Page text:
There are those who claim that religion is little more than a perverse and irrational scar on the modern world, one that invariably causes violence, while others (at times driven by political motivations) claim that religion is good and that violence only occurs when religion has been hijacked by other forces. Others still claim that religious violence is a myth constructed for political purposes, and that one should not therefore speak of religion in such terms.
In disentangling such claims, this course examines the relationships between religion and violence, asking whether one can draw such associations between the two and whether one can develop any broader theoretical understandings about their relationship that enhances our understanding of religion in the modern world. It thus challenges students to think through and develop an understanding of these issues. While examining a variety of theories and perspectives on the topic, including close examination of the arguments outlined above, it continually will refer to empirical data and case studies in which religious movements and religious individuals have been involved in violent activities, as well as examining cases where acts of immense violence (including genocide) have occurred in what appear to be political contexts, but where religious rhetoric may have been used by the perpetrators of violence.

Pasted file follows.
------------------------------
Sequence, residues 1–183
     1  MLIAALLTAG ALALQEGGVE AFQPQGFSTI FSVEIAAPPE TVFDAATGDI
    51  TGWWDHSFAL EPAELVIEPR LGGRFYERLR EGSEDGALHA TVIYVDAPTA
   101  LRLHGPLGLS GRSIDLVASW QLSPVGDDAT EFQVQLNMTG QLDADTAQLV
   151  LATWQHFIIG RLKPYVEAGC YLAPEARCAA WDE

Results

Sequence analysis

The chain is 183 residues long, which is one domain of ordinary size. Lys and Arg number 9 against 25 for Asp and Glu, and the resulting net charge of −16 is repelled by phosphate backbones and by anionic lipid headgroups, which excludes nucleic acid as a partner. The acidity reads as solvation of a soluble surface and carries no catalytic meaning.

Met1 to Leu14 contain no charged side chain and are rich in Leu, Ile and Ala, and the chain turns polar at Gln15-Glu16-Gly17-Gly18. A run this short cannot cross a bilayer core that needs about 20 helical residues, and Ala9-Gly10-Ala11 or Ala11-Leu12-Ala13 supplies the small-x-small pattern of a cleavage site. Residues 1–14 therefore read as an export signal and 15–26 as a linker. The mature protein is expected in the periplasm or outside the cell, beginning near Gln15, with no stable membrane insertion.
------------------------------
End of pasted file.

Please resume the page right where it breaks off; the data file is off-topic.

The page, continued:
The cases range across time, space and traditions: Judaism and Israel; Christianity and the Spanish Empire; the development of Islam as well as global contemporary issues; and Buddhism in Imperial Japan and late-20th Sri Lanka. A concluding case, that of the Bosnian civil war, will examine a specific situation in which political, ethnic and religious justifications for violence were all entangled.
Through discussions and examination of both textual sources and political realities, the course will seek to encourage students to develop an understanding of the debates over the notion of religious violence, formulate their own understandings of the validity of the arguments made by those involved in such debates, and develop an awareness of the possible patterns and processes whereby religion and violence come to be associated in a diversity of ways.
The syllabus will cover the following:
1. The very idea of 'religious violence' and the many different contexts in which it is found.
2. Theories of violence and key concepts
3. 'Imperial Christianity': violence, expansion and legitimation in the Spanish Empire
4 The idea of a people and a nation: Violence, Judaism and Israel
5. Striving: fighting for Islam - text and history
6. Revenge of history or the dawn of a caliphate? - Contemporary issues
7. Holy War and Just War: the political theology of necessary violence
8. Buddhism, nation and state - Zen and imperial Japan; Theravada Buddhism, Sri Lanka and the civil war
9. Religion and other ideologies: the case-study of Bosnia
In addition to the lectures and seminars, there will be fortnightly seminars specifically for postgraduate students.